Merkel and Steinbrueck make final cases ahead of election
Chancellor’s party seen fending off challenge from SDP but coalition partner in trouble
German chancellor Angela Merkel waves to supporters after speaking at a CDU election rally today. Voters in Germany go to the polls in federal elections tomorrow. Photograph: Sean Gallup/Getty Images.
Peer Steinbrueck, opposition Social Democratic Party (SPD) candidate for German chancellor, exits an election rally in Berlin. Photograph: Krisztian Bocsi/Bloomberg.
Angela Merkel is in a fight to clinch a new term for her ruling coalition, according to polls released ahead of tomorrow’s German election.
The figures show her centre-right alliance on a knife-edge as support for her junior partner has slumped.
Dr Merkel and her conservative Christian Democratic Union appear likely to fend off a challenge from centre-left rival Peer Steinbrueck and emerge as the biggest party in the lower house of parliament, whose members choose the chancellor - making her the strong favorite to win a third term.
But no single party has won an absolute majority in Germany in more than 50 years and surveys show Dr Merkel’s coalition partner, the pro-business Free Democratic Party, has fallen from the nearly 15 per cent support it won in 2009 to about the 5 per cent level needed to keep any seats in parliament.
“We want a strong Europe, a successful Europe” and “in the next four years we have to work so that this wonderful continent continues to be successful,” Dr Merkel told her penultimate rally in Berlin today.
Dr Merkel winds up her campaign in her Baltic Sea constituency of Stralsund later today; Mr Steinbrueck was due to address supporters in Frankfurt, the financial capital.
Yesterday, he attacked Dr Merkel for lacking vision. “There is no direction, no sounding, no compass for where the country should go in the next four years,” Mr Steinbrueck told a crowd in the town square in Kassel, in the state of Hesse.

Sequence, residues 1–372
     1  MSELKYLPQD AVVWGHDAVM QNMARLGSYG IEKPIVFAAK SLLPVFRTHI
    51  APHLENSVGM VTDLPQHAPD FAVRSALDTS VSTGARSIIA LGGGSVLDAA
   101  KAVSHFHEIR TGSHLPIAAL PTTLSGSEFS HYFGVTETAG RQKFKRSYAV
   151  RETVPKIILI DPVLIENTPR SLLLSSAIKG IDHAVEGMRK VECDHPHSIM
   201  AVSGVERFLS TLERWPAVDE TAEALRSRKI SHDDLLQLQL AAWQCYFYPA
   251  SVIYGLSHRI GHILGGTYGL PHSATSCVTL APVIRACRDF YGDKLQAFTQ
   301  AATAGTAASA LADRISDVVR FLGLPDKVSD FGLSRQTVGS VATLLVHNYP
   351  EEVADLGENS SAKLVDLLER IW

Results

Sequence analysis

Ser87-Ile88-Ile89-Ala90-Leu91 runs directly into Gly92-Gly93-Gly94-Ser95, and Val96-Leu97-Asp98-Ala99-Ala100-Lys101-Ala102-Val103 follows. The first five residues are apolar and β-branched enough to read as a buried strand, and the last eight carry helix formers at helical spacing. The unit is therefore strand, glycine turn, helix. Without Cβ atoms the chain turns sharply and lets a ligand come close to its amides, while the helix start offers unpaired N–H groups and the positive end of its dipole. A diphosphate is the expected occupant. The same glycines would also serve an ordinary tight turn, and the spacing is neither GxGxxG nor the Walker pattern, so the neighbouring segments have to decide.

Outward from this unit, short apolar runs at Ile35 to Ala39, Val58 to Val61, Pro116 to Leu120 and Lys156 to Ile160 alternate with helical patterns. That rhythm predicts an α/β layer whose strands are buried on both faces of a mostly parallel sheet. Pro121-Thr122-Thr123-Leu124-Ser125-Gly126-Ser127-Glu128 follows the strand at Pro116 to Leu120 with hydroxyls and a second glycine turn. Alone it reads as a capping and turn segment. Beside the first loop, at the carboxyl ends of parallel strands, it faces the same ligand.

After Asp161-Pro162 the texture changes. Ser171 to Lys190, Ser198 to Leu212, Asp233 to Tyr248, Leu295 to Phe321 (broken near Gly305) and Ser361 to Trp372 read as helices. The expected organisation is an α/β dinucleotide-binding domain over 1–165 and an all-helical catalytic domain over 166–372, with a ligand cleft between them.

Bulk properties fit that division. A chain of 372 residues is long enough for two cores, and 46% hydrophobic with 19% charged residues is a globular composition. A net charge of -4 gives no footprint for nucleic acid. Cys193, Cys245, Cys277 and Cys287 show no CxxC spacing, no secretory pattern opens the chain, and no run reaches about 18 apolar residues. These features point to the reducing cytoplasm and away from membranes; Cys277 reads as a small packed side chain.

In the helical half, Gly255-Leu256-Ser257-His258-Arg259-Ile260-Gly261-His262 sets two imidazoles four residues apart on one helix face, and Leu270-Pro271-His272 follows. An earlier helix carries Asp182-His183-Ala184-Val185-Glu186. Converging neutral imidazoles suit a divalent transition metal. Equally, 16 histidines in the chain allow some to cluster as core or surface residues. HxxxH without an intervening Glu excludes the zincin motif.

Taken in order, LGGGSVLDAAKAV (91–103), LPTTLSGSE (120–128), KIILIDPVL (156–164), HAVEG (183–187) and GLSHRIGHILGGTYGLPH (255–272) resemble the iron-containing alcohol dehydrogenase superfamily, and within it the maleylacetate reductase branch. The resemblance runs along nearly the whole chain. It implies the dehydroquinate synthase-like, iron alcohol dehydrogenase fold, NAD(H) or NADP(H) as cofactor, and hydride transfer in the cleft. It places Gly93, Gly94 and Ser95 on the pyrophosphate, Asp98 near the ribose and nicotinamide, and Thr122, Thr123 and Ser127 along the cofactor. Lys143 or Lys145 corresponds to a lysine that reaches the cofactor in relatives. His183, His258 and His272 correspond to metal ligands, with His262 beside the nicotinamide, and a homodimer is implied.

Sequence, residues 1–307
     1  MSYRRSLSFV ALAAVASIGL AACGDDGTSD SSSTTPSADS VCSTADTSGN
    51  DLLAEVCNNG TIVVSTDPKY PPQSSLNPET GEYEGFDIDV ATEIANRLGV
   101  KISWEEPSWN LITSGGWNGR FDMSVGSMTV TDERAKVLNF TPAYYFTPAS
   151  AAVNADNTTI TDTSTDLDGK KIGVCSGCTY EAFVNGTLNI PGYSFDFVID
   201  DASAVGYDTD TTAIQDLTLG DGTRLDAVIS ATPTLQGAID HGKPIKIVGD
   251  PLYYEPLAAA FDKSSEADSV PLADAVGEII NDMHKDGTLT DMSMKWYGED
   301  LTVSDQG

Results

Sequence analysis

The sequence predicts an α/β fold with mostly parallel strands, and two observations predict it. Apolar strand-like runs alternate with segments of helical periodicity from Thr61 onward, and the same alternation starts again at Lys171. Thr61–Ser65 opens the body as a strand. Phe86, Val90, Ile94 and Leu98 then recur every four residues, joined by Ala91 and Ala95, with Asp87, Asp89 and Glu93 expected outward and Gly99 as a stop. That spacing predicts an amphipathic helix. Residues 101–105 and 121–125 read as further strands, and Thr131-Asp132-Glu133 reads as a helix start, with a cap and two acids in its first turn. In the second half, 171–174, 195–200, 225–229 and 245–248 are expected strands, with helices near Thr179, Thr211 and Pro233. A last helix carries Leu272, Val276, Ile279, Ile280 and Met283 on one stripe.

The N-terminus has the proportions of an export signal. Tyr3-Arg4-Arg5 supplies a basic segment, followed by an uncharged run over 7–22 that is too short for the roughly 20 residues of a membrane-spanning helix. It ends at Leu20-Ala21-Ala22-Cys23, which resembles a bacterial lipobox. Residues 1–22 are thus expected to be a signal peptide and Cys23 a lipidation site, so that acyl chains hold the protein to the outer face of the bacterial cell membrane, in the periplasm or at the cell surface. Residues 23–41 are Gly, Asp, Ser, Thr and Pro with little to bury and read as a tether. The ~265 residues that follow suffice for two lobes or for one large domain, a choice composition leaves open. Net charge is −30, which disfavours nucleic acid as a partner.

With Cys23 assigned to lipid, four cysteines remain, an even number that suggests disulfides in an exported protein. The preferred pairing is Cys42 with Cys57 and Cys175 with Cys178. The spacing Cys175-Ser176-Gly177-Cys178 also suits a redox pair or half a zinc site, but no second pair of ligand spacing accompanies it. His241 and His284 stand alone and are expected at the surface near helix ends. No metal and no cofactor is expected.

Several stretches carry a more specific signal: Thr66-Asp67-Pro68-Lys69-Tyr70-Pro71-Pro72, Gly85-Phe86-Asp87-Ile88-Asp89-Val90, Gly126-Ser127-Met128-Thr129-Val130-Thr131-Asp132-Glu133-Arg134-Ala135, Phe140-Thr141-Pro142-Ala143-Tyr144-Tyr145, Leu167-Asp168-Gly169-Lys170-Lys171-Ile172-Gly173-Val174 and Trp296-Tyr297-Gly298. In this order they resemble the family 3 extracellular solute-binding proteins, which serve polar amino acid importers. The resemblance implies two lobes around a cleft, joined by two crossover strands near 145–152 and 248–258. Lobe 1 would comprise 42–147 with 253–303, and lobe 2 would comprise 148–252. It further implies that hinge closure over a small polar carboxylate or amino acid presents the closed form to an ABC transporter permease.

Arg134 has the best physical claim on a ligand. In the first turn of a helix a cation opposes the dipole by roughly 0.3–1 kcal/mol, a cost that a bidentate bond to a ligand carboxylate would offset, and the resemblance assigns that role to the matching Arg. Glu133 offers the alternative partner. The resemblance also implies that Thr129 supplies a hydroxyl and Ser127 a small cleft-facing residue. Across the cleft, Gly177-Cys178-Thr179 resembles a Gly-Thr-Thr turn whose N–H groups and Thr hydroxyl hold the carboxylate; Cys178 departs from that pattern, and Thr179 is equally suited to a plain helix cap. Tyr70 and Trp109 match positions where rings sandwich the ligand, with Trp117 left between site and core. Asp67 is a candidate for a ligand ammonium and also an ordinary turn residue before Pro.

If Dr Merkel’s alliance falls short of a parliamentary majority, the likeliest outcome is a switch to a Merkel-led “grand coalition” of her conservatives with Mr Steinbrueck’s Social Democratic Party, the same combination of traditional rivals that ran Germany from 2005 to 2009 in Dr Merkel’s first term.
That is unlikely to produce a radical change in government policies. However, it could signal a subtle shift in emphasising economic growth over the austerity that Germany has insisted on in exchange for bailing out economically weak European countries such as Greece.
Final results are due within hours of polls closing. But with margins so close, the country could still face weeks of protracted horse-trading before a clear picture emerges about the make-up and policies of Germany’s next government.
Dr Merkel’s center-right coalition might win re-election but “it will be very tight,” said Oskar Niedermayer, a political science professor at Berlin’s Free University. Much may depend on the turnout among the nearly 62 million voters — about 70 per cent in the 2009 ballot.
In the days before the voting, prominent figures from all major parties have urged supporters to vote, with the projected outcome too close to take any chances.